OCEAN PARK, Wash. - Travis Ruhter is getting accustomed to new surroundings, decorating his desk and deciding what color to paint the walls. It's different from his prior job as a teacher at Ilwaco High School because it is so quiet.

"It's definitely a very different atmosphere, there's not the rigidity of 'you have to do this at this time,' it's much more flexible," he said of his new job as youth and family pastor at Peninsula Baptist Church, where he has attended the last five years. "It's an environment that is really desiring to see people grow, not just in a particular area, but as people. My pastor really wants to see me continue to grow as a person and in my relationship with God. It's much more of a well-balanced look at things."

The 30-year-old Ruhter was hired in May, replacing associate pastor David Cree, who moved to Canada.

Ruhter said he had always wanted to get into the ministry, that "it was just a matter of how and when."

This is his first job in the church. While attending Idaho State University, he was involved in the Baptist student union, where he was named state president for a year and did missionary work in the Middle East. After college, he joined the staff at IHS, working there six years. In that time he moved up from teaching Spanish and history, to also taking on such classes as government, leadership and contemporary world problems. He also became the social studies department chairman, drama club director and student body advisor.

"I always enjoyed working with young people; there is just so much they have to offer," he said. "I remember what it was like growing up and how difficult it was for me and how just a couple of key adults really helped me through that time, who didn't tell me who I had to be or what to do." Instead, he say, they just listened and gave advice.

In his new job, he's responsible for working with youth, in Wednesday night programs, as well as Sunday school. He'll be developing ways to help families to better understand their children.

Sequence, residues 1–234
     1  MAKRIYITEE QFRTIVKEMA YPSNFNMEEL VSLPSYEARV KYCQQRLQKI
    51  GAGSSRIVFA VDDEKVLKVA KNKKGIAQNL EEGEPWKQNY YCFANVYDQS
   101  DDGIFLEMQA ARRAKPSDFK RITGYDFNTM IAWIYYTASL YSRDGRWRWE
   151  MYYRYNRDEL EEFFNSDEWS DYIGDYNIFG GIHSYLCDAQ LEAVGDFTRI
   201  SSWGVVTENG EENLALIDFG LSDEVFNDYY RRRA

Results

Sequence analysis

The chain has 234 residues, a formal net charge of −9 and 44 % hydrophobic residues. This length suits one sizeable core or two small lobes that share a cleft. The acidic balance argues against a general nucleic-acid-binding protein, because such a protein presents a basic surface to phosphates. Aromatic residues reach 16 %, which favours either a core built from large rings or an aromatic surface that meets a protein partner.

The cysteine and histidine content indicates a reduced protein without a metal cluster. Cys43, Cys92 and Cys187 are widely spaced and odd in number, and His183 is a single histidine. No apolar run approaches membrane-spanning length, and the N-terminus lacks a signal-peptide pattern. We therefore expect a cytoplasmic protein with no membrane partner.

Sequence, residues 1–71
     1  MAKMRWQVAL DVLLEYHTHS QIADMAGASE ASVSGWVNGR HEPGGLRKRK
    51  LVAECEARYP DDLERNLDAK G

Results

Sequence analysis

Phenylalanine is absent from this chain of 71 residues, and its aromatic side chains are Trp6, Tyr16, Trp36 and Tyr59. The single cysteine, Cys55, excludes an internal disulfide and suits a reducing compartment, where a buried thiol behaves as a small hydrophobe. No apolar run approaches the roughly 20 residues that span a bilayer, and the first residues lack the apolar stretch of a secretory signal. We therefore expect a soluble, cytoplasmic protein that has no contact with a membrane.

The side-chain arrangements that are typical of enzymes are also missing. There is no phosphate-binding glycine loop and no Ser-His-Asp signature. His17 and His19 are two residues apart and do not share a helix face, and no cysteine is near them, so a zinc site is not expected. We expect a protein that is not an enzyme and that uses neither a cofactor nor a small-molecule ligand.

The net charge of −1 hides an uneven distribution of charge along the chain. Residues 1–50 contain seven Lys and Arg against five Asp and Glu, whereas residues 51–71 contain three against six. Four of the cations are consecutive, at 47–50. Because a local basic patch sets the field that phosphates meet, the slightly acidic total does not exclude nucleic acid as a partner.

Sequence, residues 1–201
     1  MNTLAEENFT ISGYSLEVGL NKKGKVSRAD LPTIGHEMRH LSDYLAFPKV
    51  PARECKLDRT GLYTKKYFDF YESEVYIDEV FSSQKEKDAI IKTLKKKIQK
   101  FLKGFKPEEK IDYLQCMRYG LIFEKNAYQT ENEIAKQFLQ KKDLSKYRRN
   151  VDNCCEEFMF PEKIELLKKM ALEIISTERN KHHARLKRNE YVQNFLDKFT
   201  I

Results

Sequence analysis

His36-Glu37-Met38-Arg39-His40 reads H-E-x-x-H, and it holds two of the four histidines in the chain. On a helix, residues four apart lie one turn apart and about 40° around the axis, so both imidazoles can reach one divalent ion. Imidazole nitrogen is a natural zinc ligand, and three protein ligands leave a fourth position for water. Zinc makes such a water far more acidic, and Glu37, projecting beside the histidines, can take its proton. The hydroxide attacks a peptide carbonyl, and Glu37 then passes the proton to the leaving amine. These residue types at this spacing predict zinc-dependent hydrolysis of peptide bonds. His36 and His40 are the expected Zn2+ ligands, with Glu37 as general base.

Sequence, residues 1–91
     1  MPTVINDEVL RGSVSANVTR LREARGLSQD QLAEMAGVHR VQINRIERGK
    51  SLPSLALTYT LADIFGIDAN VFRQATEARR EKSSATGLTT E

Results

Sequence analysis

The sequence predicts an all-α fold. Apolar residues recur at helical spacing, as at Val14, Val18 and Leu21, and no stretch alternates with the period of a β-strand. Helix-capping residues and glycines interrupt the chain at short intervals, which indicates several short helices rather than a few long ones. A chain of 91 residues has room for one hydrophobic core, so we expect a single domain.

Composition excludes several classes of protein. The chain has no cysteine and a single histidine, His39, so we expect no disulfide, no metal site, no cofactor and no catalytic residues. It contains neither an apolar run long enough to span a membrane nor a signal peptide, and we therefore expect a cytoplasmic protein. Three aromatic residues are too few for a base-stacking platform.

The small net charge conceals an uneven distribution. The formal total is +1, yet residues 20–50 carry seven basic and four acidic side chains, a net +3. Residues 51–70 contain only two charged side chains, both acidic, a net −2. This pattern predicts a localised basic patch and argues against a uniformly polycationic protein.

"A lot of times people get this image of the parents and the children being adversarial," he said. "We want to work with them to make that situation better."

Ruhter will still see students at the high school, through programs like Friendly Faces, a group of pastors and youth group leaders who welcome and talk to kids at school every day.

"The high school is going through a lot of changes right now, and they need to struggle through those changes," he said. "I would hate to be a person who's on the outside looking in, telling them. I don't feel it's my place."

Ruhter said leaving the school for his new job was hard but worth it.

He does not have a degree in theology, but will be taking a correspondence-type course in order to get the equivalent. It's called the "Shepherding Program," put on by Conservative Baptist Northwest, where he will work with other pastors on the Internet and at conferences.

"It's basically bringing seminary to guys who want to get into ministry without having to move."

To help get the ball rolling, the church is sending Ruhter and his wife to a specialist in North Carolina who mentors pastors, identifying their goals. Ruhter said this will give him a "firm foundation."

In the end, he said that his job is what he wanted: more freedom in his work, plus he'd get to do everything that he loves to do, but on his terms.

"There's just a time where everything in your life kinda comes together to where it's supposed to be," he said.

Damian Mulinix is a Chinook Observer staff writer.


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